Stefanik says that the test plots that the team helped the farmers to plant should be showing results of the method shortly. The team hopes that the test plot can be used to demonstrate to other local farmers the benefits of using biochar and that over time, other farmers in the area (and hopefully the region) will realize the economic benefits of terra preta.

The GAIA team say they hope to turn their company into an ongoing and sustainable nonprofit that will expand to other global initiatives surrounding agriculture, education and sustainability in the developing world.

“With the right team in place, I know we can continue to help people around the world,” said Stefanik.

Research internship raises student's medical career hopes

September 4, 2013

Juan Laitano is beginning the fall semester with a good jump on the research he will do as part of his pursuit of a master’s degree in biomedical engineering.

Laitano's performance at Arizona State University while earning his undergraduate degree in the field earlier this year led to him to become the first recipient of the Flinn Scholar Summer Internship award. The Flinn Foundation supports the advancement of biosciences in Arizona, in part through the Flinn Scholars Program to help students prepare for careers in health professions. Juan Laitano Flinn Scholar Download Full Image

Winning the internship award enabled Laitano to spend the summer collaborating with researchers at the Arizona Center on Aging and the Interdisciplinary Consortium on Advanced Motion Performance (iCAMP) at the University of Arizona College of Medicine, where he worked under the mentorship of professors Jane Mohler and Bjian Najafi. 

He was prepared for his internship duties by more than a year of research performed in the Neural Control of Movement Laboratory directed by professor Marco Santello, who is also director of the School of Biological and Health Systems Engineering, one of ASU’s Ira A. Fulton Schools of Engineering.

During the summer internship, Laitano participated in a project to delineate the biological basis for considering the debilitating physical frailty prevalent among the elderly as a distinct clinical syndrome. The study aimed to biometrically identify the physical characteristics by which health professionals could gauge whether people were in non-frail, pre-frail or frail condition. Beyond that, the goal of the project is to improve diagnosis of the syndrome and devise appropriate treatments for each of the three conditions.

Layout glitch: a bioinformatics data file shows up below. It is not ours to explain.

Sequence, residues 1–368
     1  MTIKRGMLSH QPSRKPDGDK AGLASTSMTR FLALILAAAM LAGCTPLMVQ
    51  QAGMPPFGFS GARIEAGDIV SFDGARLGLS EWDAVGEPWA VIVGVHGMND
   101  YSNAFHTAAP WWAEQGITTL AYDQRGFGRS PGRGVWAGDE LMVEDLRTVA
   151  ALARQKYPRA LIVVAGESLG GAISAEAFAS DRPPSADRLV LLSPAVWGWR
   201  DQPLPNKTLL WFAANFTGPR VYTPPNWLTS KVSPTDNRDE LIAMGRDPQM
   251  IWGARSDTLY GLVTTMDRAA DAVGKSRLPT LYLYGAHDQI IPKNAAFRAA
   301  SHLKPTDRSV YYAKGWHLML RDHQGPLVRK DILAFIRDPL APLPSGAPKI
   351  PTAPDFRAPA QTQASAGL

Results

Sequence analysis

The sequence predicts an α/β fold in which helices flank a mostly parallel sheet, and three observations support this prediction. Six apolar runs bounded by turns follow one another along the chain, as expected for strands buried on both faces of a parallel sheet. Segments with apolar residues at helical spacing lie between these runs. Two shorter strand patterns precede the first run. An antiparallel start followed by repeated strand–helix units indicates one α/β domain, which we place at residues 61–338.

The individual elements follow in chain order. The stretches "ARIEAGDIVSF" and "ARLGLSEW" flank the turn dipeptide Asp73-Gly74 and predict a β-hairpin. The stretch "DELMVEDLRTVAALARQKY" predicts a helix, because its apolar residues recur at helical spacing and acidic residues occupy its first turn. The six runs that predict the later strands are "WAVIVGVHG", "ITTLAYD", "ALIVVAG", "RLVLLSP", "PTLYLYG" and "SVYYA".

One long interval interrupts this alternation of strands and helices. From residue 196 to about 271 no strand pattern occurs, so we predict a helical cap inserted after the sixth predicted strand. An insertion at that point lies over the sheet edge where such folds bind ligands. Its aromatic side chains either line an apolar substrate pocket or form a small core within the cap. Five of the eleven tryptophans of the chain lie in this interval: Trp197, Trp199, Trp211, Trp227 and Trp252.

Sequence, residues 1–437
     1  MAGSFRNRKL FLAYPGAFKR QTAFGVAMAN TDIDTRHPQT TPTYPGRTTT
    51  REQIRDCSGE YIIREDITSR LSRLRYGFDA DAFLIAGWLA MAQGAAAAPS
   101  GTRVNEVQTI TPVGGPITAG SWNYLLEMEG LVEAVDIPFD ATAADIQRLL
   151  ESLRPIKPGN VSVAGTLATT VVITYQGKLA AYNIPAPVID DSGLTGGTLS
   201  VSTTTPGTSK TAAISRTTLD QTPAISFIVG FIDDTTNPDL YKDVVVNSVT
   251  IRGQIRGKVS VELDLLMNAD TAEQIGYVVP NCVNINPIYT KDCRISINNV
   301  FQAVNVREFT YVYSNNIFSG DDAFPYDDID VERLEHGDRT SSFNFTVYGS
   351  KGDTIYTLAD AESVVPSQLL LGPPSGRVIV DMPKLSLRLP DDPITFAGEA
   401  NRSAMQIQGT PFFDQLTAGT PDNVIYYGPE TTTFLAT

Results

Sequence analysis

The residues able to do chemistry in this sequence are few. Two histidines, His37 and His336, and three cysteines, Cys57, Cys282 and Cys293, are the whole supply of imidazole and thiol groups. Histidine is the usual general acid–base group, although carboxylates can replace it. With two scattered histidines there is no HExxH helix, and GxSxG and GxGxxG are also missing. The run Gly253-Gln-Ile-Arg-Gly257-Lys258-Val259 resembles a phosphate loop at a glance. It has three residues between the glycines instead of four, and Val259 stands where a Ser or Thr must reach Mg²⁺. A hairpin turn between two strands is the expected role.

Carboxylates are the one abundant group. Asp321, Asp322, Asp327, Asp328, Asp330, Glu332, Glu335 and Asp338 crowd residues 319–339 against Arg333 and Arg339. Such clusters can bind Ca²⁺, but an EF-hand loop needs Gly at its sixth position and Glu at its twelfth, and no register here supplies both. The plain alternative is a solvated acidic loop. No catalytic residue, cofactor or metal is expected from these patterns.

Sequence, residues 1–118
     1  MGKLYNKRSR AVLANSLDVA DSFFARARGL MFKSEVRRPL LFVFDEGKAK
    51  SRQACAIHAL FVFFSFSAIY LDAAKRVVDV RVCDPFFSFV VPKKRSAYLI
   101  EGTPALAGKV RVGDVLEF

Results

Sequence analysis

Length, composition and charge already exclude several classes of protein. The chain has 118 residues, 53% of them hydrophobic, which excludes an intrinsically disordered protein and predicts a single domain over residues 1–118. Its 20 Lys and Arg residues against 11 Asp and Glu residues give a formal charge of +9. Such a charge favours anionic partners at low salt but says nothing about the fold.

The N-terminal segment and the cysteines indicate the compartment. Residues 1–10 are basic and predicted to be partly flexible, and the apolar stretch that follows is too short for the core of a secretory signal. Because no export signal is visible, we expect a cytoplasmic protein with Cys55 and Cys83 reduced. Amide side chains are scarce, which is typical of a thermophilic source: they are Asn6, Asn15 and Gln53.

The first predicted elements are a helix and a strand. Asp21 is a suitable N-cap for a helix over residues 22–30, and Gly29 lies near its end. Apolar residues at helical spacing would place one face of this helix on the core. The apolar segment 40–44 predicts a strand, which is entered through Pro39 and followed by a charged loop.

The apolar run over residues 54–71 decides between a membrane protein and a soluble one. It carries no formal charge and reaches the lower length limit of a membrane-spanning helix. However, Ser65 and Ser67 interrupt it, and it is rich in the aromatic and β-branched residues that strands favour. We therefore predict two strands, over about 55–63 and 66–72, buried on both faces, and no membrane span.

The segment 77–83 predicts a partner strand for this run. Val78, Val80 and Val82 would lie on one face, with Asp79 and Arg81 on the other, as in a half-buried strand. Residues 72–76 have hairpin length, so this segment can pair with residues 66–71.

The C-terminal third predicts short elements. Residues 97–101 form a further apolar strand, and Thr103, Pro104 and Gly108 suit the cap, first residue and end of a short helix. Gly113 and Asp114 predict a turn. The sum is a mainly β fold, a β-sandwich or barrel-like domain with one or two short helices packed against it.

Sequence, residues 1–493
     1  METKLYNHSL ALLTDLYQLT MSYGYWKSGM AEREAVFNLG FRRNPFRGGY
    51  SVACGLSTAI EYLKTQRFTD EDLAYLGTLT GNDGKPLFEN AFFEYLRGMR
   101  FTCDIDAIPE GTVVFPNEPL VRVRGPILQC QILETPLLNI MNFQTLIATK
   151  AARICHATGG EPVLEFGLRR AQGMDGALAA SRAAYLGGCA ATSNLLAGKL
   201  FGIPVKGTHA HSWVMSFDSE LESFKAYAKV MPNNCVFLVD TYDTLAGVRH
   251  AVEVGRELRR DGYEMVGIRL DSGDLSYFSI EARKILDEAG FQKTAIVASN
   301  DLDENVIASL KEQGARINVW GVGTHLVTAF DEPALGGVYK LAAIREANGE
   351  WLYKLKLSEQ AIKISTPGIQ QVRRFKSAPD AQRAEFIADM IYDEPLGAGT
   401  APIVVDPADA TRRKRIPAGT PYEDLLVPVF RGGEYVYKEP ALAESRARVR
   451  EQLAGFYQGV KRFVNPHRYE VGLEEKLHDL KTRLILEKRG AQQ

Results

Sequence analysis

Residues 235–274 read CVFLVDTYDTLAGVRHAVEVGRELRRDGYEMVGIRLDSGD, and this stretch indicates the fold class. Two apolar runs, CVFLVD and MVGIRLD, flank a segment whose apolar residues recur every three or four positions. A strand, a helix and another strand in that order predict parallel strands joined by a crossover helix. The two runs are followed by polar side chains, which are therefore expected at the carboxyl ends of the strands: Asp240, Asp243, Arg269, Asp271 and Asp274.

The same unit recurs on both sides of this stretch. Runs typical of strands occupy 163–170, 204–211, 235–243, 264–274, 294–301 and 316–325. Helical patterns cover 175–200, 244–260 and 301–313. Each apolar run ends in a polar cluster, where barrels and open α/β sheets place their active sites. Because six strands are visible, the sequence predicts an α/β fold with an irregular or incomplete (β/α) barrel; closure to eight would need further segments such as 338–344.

Laitano will continue on this research path at ASU in the hope it will gain him entrance into medical school after earning his graduate degree. He wants to specialize in the emerging area of precision medicine, explaining, “Instead of medicine applied generally, it is medicine tailored to each patient’s specific characteristics.

“It’s not the development of unique treatments or drugs for each patient, but a more precise identification of patients who are susceptible to certain diseases, how they will benefit or not from various medical interventions and how diseases will likely progress in them, all in accordance with their particular situation and characteristics,” he says.

Laitano’s own path to higher education demonstrates his drive to follow his passion. Born and raised in Honduras, he came to Phoenix with his family only seven years ago  after the family had obtained permanent residency status  and immediately set out to get more schooling. He spent two years taking classes at Estrella Mountain Community College and Glendale Community College near Phoenix to prepare for university-level studies. 

After deciding on career path in bioengineering and medicine, and researching the best places available to pursue his goal, he concluded that the biomedical engineering program at ASU “was pretty good.” In 2009, he transferred to ASU, “and I certainly have not been disappointed,” he says.

Joe Kullman

Science writer, Ira A. Fulton Schools of Engineering